The same chords of music recur when Franz asks his neighbors if they believe in what they’re fighting for. Remembering that music from earlier, we should be on alert now for the voice Franz looked over his shoulder to find. The village mayor soapboxes at the local pub, “Foreigners swarm over our streets . . . This is what happens when a world dies.” Franz will not toast with him. Away from the pub a moment later, Fani’s father asks Franz, “Don’t they know evil when they see it?” Outside on the road, the music swells, and the camera pulls away from Franz and up to the mountains and sun. Franz stands in the light outside a dark doorway, and walks away from it. Storm clouds gather over the mountains. Hearing thunder, Franz looks up from his work in the field and over his shoulder into the distance. A moment later, he paces in the sunlit vestibule of the church. This time, Franz acts on his experience with that voice—he’s made a decision. He walks with his parish priest on the road outside and voices the fateful words for the first time, “Father, if I’m called up, I can’t serve.”
Doorways from darkness to light loom over Franz’s decision. He stands inside doorways peering out to the light. Looking out the doorway of a sawmill to a bright orchard, he and Fani discuss his choice. A neighbor asks, “What are you going to do?” over a shot of the dark doorway, looking out to sun-drenched cows outside.
The cross Franz is choosing comes into stark focus as he approaches his church one day. There’s a lingering voiceover from the last scene, Fani’s father asking, “What can we little people here do?”, as in answer, Franz pauses on the way to gaze at a crucifix beside the road. In the church, Franz listens to a painter who bemoans the sentimentality of his murals. “Christ’s life is a demand . . . We don’t want to be reminded,” he says. “I paint their comfortable Christ, with a halo on his head . . .” At the word “halo,” there’s a shot over Franz’s shoulder, with the dappled light through the leaves playing on his cheek. Malick’s voiceovers and visuals are always in subtle conversation with each other. This isn’t just a reaction shot; it’s Malick linking Franz to the halo and, by extension, the cross. “Someday,” says the painter, “I’ll paint the true Christ.” A few moments later, the music swells, Franz looks into the distance, a storm brews in the mountains, and as it starts raining (water flowing from the sky like the waterfall in the heavenly nest), two neighbors greet Franz with “Heil, Hitler.” Franz startles them by responding, “Phooey, Hitler!”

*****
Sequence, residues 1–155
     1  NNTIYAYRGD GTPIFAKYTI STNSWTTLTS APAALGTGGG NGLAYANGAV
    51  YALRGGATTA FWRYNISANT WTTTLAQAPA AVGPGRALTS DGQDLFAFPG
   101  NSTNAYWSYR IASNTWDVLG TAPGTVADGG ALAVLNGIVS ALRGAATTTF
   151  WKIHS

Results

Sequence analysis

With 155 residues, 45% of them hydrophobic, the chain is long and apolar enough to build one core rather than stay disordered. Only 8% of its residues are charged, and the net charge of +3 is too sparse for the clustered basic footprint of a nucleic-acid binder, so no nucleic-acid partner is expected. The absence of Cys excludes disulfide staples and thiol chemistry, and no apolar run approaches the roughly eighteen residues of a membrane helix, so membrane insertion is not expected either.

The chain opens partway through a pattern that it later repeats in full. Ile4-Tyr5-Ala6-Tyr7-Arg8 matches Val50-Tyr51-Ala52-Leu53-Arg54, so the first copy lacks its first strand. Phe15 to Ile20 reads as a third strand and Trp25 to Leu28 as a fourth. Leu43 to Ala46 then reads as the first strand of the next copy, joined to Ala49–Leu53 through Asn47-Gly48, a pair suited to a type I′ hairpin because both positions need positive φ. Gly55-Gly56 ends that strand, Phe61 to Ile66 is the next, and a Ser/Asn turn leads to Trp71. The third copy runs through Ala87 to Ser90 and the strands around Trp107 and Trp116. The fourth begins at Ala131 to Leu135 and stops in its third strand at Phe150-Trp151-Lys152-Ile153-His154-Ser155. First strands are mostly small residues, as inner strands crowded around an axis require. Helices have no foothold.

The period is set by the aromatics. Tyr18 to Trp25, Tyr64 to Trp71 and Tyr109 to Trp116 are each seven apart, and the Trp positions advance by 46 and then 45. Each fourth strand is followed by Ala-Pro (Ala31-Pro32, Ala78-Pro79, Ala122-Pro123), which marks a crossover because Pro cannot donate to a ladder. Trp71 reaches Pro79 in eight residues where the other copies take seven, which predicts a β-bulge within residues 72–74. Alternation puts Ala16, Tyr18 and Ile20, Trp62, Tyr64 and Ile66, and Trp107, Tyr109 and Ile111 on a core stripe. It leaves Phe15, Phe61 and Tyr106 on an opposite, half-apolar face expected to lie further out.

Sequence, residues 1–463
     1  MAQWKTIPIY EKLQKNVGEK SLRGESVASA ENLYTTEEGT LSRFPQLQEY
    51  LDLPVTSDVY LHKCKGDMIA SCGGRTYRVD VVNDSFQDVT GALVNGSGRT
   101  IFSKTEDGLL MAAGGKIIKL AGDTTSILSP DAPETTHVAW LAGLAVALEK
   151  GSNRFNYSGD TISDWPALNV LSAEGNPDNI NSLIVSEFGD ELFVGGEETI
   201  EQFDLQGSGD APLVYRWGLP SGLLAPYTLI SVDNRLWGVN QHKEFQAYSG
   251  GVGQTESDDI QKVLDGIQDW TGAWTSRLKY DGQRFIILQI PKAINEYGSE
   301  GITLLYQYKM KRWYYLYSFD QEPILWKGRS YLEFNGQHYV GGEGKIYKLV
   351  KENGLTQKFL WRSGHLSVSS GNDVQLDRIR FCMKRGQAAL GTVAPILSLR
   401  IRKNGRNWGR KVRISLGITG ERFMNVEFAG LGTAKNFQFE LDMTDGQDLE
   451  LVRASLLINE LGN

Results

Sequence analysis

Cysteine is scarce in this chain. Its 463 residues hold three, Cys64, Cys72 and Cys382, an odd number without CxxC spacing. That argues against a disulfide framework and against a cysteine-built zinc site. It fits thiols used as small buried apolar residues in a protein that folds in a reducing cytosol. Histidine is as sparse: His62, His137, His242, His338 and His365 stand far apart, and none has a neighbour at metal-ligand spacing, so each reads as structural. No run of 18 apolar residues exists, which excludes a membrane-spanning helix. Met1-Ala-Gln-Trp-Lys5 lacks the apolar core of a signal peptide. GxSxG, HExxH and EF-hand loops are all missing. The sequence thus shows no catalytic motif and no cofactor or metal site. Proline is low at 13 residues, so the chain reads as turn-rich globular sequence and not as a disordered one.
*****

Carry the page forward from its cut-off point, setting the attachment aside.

Valerie Pachner’s portrayal of Fani is unusually personal and grounded for a woman in a Malick film. She’s not an archetype of grace or primeval beauty. She is simply herself, a farmwife, pinned solidly to earth in heavy work boots and thick wool socks. She plants potatoes, disciplines children, and hauls buckets of mud out of the bottom of the well when it runs dry. She bears the ire of her neighbors, who spit on her in the town and throw mud at her children.
Fani is the first one to notice a change in Franz. “These last weeks you’re different,” she says. It hurts Franz to see Fani endure the slights of their neighbors. He asks her, “What did they say to you?” and tries to offer comfort. Her opinion is vital to him, and we see her react to his dilemma more than once hoping for some other outcome. Again he’s looking out a doorway, and next to him she looks out too and asks, “When have our prayers not been answered?” She questions him in the orchard, “You could work in a hospital. There’s nothing wrong with that, is there?” But while Franz stands in a doorway to light, Fani is repeatedly shot in the dark against the inside wall of the barn without a doorway—only chinks of light coming in through the slats. When the symbol of Franz’s decision gets near Fani, it’s a barrier instead of a gate.